What I'm Reading (July 23)

What exactly do we mean, scientifically, when we talk about individuals? ... Can a model of surgical care costing a small fraction of care in the U.S. teach us anything? ... Nassim Taleb writes about the use of masks. Some habits are hard to break, especially when we see them as the norm and not a habit at all.

I have long been fascinated by how we tell “us” from “other,” the primary job, it seems, of our immune system. But in science, the categories we have chosen as our descriptors are now being questioned. Gender is fluid, race is a social construct, and age is a chronotropic representation of aging. 

“The task of distinguishing individuals can be difficult …Even on Earth today, it’s clear that nature has a sloppy disregard for boundaries: Viruses rely on host cells to make copies of themselves. Bacteria share and swap genes, while higher-order species hybridize. …Even humans contain at least as many bacterial cells as “self” cells, the microbes in our gut inextricably linked with our development, physiology and survival.

These organisms are “so intimately connected sometimes that it’s unclear whether you should talk about one or two or many,” … And yet, the notion of what it means to be an individual often gets glossed over. “So far we have a concept of ‘individual’ that’s very much like the concept of ‘pile,’” said Maxwell Ramstead, a postdoctoral researcher at McGill University. “If there’s a pile of sand, you intuitively know this is a pile of sand. But a pile is not a precisely defined thing. It’s not like after 13 grains, it moves from a collection to a pile.””

Quanta explores the question of what constitutes an individual, What Is an Individual? Biology Seeks Clues in Information Theory.

“In 10 years, India will become the first country in the world to dissociate health from affluence. India will prove that the wealth of the nation has nothing to do with the quality of health care its citizens can enjoy.”

The developing world cannot afford the prices paid for medical care or equipment here in the US, and manufacturers have developed low-cost alternatives. Some of those inexpensive alternatives have returned home to us. For example, ultrasound machines, once costing $150K, can now be purchased for a quarter of the price and work as well, if not better. Here is a look at a model of surgical care from India. It would be far too disruptive to our healthcare “ecology,” but there are many lessons to be learned. Not the least of the lessons is that no matter how inexpensive the care, the government always wants it for less. (Unless you’re a defense contractor) From Bloomberg, via the Pocket, The World’s Cheapest Hospital Has to Get Even Cheaper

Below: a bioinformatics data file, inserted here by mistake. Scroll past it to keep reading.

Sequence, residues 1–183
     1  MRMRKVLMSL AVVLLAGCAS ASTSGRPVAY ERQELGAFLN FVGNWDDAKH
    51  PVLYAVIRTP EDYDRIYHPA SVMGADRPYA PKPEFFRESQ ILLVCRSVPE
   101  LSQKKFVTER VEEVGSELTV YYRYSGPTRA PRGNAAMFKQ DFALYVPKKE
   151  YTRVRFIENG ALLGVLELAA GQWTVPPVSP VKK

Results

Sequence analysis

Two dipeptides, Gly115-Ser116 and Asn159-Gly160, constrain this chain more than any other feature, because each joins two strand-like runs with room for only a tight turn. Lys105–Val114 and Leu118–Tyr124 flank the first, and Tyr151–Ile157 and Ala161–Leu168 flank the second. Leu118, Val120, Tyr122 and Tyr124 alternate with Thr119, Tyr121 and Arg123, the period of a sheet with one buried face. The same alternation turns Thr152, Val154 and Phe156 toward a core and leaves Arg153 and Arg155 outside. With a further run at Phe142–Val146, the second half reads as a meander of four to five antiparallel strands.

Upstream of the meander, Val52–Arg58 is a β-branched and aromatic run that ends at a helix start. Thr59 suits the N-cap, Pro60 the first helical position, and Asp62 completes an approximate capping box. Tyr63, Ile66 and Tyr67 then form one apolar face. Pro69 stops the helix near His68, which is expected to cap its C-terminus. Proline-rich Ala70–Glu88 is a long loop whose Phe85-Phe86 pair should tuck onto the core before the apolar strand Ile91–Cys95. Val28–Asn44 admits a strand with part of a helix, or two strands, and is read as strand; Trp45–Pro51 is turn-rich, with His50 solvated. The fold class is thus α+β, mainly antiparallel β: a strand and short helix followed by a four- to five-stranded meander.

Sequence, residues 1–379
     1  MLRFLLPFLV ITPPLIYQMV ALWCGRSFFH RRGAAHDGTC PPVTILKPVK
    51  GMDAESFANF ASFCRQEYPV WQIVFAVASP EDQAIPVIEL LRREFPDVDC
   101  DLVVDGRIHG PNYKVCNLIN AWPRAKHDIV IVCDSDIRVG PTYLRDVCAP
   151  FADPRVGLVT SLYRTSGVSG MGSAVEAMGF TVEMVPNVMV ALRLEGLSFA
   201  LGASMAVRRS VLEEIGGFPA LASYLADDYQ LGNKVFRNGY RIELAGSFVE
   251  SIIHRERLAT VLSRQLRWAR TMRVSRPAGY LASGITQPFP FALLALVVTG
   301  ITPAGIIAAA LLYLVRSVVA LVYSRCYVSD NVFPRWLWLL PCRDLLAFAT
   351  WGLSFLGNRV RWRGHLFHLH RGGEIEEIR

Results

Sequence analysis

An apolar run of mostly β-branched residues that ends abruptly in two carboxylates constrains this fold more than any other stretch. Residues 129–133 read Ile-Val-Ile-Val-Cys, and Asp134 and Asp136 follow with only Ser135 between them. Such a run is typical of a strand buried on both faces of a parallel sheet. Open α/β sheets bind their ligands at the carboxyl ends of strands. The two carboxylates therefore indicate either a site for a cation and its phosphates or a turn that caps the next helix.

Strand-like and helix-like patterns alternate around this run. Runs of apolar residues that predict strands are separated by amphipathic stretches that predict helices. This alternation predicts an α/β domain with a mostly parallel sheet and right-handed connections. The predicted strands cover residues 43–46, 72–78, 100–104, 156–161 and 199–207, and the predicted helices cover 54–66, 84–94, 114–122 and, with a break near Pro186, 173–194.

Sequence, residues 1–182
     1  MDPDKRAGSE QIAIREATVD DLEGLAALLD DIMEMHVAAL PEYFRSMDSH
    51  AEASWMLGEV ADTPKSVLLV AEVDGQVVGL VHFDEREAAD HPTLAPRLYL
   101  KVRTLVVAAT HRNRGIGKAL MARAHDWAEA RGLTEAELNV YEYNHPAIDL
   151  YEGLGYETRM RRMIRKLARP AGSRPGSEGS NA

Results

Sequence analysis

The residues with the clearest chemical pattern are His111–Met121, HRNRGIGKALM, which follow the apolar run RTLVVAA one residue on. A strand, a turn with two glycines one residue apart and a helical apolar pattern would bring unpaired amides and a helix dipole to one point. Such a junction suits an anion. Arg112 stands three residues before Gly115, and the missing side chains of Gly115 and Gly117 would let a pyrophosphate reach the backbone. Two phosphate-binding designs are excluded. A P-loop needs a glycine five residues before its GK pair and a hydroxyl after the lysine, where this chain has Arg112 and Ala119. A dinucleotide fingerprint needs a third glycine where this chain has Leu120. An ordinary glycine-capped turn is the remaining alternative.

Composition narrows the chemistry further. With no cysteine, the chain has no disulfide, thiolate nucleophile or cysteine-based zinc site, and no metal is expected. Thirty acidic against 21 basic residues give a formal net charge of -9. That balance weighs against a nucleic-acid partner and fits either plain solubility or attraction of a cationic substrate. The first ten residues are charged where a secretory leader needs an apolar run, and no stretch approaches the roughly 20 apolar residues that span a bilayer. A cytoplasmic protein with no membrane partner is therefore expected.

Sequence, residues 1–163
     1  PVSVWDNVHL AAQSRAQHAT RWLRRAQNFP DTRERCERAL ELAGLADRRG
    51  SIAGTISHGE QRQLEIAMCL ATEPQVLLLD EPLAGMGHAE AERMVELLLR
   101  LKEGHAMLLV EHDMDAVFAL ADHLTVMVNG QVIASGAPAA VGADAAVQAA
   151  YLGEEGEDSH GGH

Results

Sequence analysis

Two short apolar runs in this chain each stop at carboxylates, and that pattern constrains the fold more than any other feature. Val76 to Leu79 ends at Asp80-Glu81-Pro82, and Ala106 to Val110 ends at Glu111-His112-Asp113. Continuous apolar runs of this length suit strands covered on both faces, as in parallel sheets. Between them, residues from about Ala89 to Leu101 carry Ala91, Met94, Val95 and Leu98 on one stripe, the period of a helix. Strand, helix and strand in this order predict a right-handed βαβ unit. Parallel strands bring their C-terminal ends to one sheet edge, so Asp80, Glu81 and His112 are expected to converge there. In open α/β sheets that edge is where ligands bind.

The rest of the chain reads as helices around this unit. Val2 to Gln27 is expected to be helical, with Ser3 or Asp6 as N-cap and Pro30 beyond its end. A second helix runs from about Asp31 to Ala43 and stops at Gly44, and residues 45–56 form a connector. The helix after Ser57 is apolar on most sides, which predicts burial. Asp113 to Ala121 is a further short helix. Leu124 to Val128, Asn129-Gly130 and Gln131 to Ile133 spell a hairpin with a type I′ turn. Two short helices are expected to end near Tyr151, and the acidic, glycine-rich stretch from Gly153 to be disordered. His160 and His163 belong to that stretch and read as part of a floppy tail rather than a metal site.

“There is no evidence that masks work,” I kept hearing repeated to me by the usual idiots calling themselves “evidence-based” scientists. The point is that there is no evidence that locking the door tonight will prevent me from being burglarized. But everything that may block transmission could help. Unlike school, real life is not about certainties. When in doubt, use what protection you can.”

Let me be honest. I like what Nassim Taleb writes about, a least one of my fellow writers, not so much. Among the many hats that he wears is statistician specializing in situations of low probability but high risk. In this piece, found in Medium, he takes on the fallacies in our thinking about masks in the time of COVID. Incompetence and Errors in Reasoning Around Face Covering

“The social habits we tend to see as either the fabric of society or unintended corollaries of social life—gathering at high-density, shaking hands as a greeting, traveling, and interacting when infectious—have become established as social norms. Path-dependence tells us that far more energy needs to be invested in campaigns to eliminate these habits than is required to perpetuate the habits.”

What can complexity science tell us about COVID-19 and society in general? From Nautil.us, The Damage We’re Not Attending To